St Paul's, on the east side of London Road, was the first modern church in Southampton to be built outside the town walls. It was originally a proprietory chapel to All Saints Church, built to serve the rapidly growing population on the northern approaches to the town. A public subscription was set up in February 1826 to finance the chapel and building tenders were advertised on 17 January 1827. The contract was awarded to Messrs Roe and Sons of 182 High Street. The architectural designs were by Thomas Benham, who had recently moved to Southampton from Poole and was heavily engaged in architectural work for several important clients in the neighbourhood.
The chapel, in Perpendicular Gothic, was a simple parallelogram, consisting of a single chancel, and built of brick covered with stucco. Philip Brannon (The picture of Southampton, [1849], p 44) thought it "meagre in design". The commanding feature was its front, dominated by two polygon shaped turrets, 80 feet high, surmounted with spires. A correspondent to Wheeler's Hampshire and West of England Magazine, February 1828 (p 71) thought that, "from its half warlike, half religious appearance, it will be a monument of the growing corruption of architectural taste".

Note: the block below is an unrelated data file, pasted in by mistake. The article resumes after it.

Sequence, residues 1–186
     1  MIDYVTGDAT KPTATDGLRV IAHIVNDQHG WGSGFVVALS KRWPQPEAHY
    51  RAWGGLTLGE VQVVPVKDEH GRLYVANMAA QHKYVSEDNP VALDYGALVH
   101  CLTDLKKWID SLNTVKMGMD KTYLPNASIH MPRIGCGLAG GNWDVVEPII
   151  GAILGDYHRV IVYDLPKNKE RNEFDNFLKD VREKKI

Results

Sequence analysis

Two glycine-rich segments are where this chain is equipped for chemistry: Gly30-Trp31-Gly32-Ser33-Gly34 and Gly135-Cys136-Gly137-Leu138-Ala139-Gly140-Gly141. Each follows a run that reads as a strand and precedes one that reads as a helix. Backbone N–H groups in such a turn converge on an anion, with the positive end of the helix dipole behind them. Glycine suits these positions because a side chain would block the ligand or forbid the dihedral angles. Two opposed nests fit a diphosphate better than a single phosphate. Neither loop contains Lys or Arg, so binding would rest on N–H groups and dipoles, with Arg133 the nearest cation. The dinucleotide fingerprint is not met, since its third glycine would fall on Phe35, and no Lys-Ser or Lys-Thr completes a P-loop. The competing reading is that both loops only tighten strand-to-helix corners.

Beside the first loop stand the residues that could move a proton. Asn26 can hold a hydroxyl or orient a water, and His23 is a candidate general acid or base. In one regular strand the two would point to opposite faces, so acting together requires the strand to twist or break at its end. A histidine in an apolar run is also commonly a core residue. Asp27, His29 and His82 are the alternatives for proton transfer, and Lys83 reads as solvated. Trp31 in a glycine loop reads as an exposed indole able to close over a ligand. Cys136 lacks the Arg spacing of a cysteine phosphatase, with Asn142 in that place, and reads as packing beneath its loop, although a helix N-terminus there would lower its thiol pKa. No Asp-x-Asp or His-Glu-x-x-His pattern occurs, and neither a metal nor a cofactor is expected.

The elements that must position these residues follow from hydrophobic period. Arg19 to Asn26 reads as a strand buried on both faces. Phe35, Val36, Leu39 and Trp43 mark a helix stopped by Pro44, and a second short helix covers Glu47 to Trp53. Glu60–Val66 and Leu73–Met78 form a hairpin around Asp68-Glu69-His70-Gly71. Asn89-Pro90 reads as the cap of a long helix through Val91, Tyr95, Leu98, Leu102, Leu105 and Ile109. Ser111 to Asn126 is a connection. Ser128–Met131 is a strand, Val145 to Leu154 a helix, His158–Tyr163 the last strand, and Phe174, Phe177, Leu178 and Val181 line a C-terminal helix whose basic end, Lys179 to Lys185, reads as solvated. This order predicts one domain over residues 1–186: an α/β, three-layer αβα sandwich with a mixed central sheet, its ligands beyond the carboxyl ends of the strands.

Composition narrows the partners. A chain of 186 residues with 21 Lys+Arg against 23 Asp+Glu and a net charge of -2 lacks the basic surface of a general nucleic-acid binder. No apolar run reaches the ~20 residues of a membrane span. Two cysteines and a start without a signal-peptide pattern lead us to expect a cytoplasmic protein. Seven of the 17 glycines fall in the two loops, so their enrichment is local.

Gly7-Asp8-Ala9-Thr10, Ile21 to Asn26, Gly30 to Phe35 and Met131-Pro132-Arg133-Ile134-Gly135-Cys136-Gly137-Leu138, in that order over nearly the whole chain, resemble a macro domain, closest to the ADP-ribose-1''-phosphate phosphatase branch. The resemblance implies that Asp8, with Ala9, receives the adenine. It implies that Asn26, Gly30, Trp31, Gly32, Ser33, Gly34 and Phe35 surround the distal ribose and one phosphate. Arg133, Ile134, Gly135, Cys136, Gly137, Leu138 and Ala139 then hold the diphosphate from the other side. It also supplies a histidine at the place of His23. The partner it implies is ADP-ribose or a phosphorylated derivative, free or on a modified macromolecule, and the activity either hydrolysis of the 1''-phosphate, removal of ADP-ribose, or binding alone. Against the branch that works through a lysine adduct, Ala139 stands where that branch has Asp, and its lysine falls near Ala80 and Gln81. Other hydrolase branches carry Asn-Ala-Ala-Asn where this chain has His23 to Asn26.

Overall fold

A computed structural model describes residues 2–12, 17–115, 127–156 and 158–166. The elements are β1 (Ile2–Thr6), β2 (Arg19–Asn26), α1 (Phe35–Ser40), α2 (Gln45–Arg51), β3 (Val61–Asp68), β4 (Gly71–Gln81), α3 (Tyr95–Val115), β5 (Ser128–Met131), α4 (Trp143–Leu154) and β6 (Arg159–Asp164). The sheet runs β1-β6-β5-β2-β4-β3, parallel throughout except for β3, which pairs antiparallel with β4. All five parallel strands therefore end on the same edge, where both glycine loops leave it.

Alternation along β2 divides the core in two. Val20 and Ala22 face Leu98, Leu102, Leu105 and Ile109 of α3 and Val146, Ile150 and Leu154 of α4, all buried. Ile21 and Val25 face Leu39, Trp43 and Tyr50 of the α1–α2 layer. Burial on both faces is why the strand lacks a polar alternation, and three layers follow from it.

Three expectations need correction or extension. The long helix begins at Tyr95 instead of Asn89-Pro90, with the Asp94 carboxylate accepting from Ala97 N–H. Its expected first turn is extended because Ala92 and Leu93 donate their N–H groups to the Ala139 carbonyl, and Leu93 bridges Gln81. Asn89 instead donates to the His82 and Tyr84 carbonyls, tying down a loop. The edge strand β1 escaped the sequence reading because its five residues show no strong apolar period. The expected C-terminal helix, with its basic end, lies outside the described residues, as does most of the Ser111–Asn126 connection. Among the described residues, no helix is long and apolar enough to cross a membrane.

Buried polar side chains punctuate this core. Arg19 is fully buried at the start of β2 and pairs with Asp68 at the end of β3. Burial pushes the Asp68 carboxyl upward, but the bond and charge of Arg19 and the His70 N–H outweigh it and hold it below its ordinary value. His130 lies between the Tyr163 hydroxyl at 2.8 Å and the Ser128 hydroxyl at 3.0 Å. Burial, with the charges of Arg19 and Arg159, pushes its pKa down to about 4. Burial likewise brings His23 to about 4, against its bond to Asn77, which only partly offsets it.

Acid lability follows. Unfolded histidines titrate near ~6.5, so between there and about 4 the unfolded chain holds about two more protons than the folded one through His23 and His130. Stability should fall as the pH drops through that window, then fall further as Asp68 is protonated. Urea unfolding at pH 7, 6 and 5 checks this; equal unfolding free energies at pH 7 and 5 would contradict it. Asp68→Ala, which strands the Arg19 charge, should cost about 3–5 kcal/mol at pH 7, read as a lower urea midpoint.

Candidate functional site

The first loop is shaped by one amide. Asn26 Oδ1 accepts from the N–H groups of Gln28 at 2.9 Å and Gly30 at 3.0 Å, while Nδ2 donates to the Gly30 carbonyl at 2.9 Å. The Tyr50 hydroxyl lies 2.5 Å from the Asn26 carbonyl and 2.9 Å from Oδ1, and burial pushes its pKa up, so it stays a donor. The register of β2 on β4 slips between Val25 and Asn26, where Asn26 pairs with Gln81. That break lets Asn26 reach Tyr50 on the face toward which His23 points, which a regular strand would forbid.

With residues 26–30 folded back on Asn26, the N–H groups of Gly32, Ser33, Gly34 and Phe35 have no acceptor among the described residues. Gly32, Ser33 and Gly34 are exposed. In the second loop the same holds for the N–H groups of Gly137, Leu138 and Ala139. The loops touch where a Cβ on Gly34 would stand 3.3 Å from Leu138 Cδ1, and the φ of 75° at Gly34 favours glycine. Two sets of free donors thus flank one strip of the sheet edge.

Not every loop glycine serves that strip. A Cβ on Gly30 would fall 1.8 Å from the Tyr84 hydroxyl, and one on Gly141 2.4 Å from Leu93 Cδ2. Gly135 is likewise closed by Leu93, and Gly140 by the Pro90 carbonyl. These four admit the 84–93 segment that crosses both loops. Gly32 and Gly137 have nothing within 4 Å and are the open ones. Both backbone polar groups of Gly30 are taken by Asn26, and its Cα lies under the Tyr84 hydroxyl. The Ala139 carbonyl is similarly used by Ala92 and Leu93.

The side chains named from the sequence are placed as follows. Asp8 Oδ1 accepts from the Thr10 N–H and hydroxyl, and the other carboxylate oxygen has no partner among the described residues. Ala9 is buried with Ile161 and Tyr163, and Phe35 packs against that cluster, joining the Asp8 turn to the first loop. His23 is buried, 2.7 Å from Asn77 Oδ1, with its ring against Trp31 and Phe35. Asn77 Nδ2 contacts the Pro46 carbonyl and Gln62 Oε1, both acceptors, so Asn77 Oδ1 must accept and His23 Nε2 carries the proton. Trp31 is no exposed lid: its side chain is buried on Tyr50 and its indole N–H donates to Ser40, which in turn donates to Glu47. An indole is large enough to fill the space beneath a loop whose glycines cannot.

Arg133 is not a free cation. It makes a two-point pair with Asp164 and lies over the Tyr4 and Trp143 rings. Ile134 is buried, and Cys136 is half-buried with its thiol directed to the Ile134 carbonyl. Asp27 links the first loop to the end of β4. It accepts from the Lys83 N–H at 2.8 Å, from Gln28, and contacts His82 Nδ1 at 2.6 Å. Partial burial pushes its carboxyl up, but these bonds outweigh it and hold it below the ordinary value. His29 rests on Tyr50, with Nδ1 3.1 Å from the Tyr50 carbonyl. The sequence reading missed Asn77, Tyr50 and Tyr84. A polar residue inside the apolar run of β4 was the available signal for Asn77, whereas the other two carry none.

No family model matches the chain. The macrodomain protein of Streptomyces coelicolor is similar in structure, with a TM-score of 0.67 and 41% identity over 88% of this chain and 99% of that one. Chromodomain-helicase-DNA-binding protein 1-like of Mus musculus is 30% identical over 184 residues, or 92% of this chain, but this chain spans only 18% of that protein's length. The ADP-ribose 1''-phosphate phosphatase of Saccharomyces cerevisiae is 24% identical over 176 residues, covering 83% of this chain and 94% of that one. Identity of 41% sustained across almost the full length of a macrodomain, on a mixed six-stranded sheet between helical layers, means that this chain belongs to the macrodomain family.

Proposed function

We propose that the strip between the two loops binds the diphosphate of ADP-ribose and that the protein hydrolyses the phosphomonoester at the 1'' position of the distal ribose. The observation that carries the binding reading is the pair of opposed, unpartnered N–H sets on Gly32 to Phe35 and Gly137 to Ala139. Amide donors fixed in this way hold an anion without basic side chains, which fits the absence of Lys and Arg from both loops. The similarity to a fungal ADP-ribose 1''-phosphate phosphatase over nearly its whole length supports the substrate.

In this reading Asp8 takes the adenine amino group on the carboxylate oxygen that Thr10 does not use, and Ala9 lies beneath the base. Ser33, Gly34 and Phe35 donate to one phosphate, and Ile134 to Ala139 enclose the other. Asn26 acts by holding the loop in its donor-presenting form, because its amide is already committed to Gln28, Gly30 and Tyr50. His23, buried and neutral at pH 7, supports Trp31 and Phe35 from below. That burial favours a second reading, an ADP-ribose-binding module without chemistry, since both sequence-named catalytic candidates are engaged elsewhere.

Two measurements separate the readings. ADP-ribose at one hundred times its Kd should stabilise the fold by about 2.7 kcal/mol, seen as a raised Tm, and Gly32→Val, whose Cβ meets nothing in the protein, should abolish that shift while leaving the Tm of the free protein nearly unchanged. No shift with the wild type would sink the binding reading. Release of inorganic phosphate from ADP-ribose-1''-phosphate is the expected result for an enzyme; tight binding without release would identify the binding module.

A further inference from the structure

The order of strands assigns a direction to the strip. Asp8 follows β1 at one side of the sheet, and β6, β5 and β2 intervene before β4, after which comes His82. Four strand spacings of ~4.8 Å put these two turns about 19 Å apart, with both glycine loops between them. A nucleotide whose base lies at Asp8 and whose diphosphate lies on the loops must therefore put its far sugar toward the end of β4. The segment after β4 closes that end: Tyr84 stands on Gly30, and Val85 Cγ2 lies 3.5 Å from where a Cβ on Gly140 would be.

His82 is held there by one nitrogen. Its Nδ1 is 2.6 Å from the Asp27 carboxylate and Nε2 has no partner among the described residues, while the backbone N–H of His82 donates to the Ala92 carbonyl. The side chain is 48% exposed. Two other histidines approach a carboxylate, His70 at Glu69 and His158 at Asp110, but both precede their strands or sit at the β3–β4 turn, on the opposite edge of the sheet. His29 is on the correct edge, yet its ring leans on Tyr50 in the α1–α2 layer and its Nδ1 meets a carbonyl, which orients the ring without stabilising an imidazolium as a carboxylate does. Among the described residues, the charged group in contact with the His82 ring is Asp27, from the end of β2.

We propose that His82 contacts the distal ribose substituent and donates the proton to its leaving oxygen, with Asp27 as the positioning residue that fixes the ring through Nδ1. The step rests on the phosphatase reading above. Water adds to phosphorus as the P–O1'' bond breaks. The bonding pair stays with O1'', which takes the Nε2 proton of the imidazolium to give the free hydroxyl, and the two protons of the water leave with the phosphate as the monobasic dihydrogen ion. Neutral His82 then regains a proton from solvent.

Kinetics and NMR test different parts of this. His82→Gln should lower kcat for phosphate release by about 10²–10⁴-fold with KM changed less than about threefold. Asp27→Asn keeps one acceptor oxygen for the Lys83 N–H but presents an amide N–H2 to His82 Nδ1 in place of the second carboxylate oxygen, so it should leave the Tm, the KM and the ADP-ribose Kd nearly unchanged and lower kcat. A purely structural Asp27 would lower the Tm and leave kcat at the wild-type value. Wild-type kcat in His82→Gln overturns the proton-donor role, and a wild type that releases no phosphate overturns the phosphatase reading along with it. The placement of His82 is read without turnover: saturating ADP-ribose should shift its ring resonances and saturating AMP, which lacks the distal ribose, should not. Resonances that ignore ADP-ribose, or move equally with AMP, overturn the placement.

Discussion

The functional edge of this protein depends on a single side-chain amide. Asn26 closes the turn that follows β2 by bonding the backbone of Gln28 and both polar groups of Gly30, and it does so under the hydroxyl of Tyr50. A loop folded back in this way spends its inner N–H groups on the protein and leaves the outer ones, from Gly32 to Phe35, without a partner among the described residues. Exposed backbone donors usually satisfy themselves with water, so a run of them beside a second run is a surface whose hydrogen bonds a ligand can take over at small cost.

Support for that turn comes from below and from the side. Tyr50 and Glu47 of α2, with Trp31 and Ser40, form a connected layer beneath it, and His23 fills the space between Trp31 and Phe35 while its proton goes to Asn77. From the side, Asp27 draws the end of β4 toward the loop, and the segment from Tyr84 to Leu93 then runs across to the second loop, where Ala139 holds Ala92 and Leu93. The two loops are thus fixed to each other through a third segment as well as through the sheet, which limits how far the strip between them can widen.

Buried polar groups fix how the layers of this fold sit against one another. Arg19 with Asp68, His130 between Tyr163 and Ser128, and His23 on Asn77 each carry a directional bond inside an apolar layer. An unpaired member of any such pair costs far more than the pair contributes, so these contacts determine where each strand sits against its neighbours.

The chapel was well attended, with one of the most genteel and socially respectable congregations of any church in the town. The Reverend William Bettridge was the chapel's first minister, appointed perpetual curate in 1828. His background was far from conventional: lieutenant in the 81st Foot (1815-16), town major of Brussels (1815), a student at Jena (1818-22) and a soldier in the Neapolitan army
(1822). He was admitted a sizar at St John's College in June 1824 and ordained a deacon at York the following month. In 1834 Bettridge went to Canada.
St Paul's became an ecclesiastical parish on 3 February 1863. The church was destroyed in the Blitz of 1940.

St Paul's Church

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